Below are some of the best pictures the telescope, developed by NASA and the European Space Agency, has taken in the last few months.
This image shows a “head-on collision” between two galaxies, captured by the Hubble Space Telescope. Dubbed Arp 143, the crash involved a star-forming spiral galaxy NGC 2445 on the right, with its “less flashy companion” NGC 2444 on the left, according to NASA.
Astronomers believe the galaxies passed through each other, creating the “uniquely shaped star formation firestorm”.
Captured by the Hubble Telescope, this image is of an “energetic outburst” of an infant star in its earliest stage of formation, according to NASA, showing a jet of gas travelling at supersonic speeds.
As the jet collides with the material of the forming star, the shock heats the material and this is what causes the glow, NASA said. These “wispy structures” are called Herbig-Haro objects, shown in the low right of the image.
This one is called HH34 and resides around 1,250 light-years away from Earth.
This image, also captured by Hubble, shows the spiraling arms of galaxy NGC 5921, sitting 80 million light years away from Earth, according to the European Space Agency (ESA).
Given the galaxy’s spiral arms, it resides in the constellation Serpens in the northern celestial hemisphere. Serpens is the one modern constellation that contains two unconnected regions – Serpens Caput and Serpens Cauda.
This image caused a lot of media attention in March, as Hubble captured the most distant star ever to be discovered that existed within the first billion years after the universe’s birth.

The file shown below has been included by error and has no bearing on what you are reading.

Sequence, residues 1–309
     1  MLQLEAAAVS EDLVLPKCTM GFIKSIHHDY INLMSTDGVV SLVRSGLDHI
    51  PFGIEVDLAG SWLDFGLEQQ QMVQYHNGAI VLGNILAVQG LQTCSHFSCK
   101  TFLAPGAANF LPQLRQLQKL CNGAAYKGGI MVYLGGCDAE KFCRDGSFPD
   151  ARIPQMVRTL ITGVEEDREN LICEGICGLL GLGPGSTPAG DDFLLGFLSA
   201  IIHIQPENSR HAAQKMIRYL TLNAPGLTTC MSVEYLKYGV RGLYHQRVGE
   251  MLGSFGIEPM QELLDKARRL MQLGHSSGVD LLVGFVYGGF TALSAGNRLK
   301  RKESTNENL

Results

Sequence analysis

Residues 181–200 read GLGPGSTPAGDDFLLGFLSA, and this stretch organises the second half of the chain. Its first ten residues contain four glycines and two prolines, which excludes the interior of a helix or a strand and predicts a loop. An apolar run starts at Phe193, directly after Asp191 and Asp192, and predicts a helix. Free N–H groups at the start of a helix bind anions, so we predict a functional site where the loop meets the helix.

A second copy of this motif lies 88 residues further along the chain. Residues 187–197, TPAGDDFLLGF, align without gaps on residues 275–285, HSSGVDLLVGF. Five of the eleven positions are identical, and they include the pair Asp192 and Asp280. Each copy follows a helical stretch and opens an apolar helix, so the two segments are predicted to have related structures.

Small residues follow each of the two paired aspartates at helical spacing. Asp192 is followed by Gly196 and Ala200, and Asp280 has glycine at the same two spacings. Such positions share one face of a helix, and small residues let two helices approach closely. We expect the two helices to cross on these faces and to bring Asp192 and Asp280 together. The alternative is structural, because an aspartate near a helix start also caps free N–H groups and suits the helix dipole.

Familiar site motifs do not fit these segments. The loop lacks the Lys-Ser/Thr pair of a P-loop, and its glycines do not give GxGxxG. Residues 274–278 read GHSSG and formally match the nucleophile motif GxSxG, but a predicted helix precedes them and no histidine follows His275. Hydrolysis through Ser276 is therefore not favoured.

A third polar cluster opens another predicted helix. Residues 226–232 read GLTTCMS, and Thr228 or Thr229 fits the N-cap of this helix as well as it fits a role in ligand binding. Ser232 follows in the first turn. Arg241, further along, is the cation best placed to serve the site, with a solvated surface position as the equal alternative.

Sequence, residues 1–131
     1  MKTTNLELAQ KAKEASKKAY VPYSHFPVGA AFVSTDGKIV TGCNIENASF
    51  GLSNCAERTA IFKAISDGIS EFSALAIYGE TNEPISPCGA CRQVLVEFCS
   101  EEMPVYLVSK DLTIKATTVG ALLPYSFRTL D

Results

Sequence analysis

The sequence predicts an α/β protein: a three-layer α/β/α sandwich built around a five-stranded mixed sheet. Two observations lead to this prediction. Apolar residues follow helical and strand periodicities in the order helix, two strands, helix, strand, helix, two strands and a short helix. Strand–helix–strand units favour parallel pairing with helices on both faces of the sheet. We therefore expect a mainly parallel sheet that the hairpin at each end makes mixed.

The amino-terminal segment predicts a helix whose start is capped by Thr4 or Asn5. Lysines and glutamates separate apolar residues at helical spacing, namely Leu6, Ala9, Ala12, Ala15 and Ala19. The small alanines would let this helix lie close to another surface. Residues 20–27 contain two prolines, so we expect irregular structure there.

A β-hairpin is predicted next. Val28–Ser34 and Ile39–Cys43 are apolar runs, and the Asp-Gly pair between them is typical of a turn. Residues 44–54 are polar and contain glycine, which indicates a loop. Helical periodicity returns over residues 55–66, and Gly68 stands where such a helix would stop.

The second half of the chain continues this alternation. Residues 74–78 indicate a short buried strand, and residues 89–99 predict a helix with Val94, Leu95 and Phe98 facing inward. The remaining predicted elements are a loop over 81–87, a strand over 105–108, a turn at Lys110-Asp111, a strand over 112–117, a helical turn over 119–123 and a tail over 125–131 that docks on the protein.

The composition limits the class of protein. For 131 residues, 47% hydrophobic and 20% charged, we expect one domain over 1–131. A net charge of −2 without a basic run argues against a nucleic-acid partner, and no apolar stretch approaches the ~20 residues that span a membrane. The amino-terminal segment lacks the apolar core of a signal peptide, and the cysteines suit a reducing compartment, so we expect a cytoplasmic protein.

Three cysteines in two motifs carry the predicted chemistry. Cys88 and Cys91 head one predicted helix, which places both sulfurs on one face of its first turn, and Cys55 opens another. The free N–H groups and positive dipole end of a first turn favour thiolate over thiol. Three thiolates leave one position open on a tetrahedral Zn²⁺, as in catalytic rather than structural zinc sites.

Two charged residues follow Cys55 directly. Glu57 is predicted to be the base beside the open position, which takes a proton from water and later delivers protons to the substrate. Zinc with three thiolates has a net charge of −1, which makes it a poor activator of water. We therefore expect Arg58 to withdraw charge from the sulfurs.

This newly detected star, dubbed Earendel, is “so far away”, according to the ESA, that it’s light has taken 12.9 billion years to reach Earth.
While astronomers are still working out what type of star it is, they believe it sits extremely close to a ripple in the fabric of space, magnifying its brightness.
This last Hubble image shows dark dust traced across the spiral galaxy NGC 7172, residing approximately 110 million light-years away from Earth in the constellation Piscis Austrinus.
The image combines data from two Hubble observations, and astronomers discovered that this galaxy is a Seyfert galaxy, one with “intensely luminous active galactic nucleus powered by matter accreting onto a supermassive black hole”, according to the ESA.
Seyfert galaxies account for about 10 per cent of all galaxies.
Bella Richards is a journalist who has written for several local newspapers, her university newspaper and a tech magazine, and completed her Bachelor of Communications (Journalism) at the University of Technology Sydney in 2020. She joined Momentum Media in 2021, and has since written breaking news stories across Space Connect, Australian Aviation and World of Aviation.
You can email Bella on: [email protected]
Receive the latest developments and updates on Australia’s space industry direct to your inbox. Subscribe today to Space Connect here.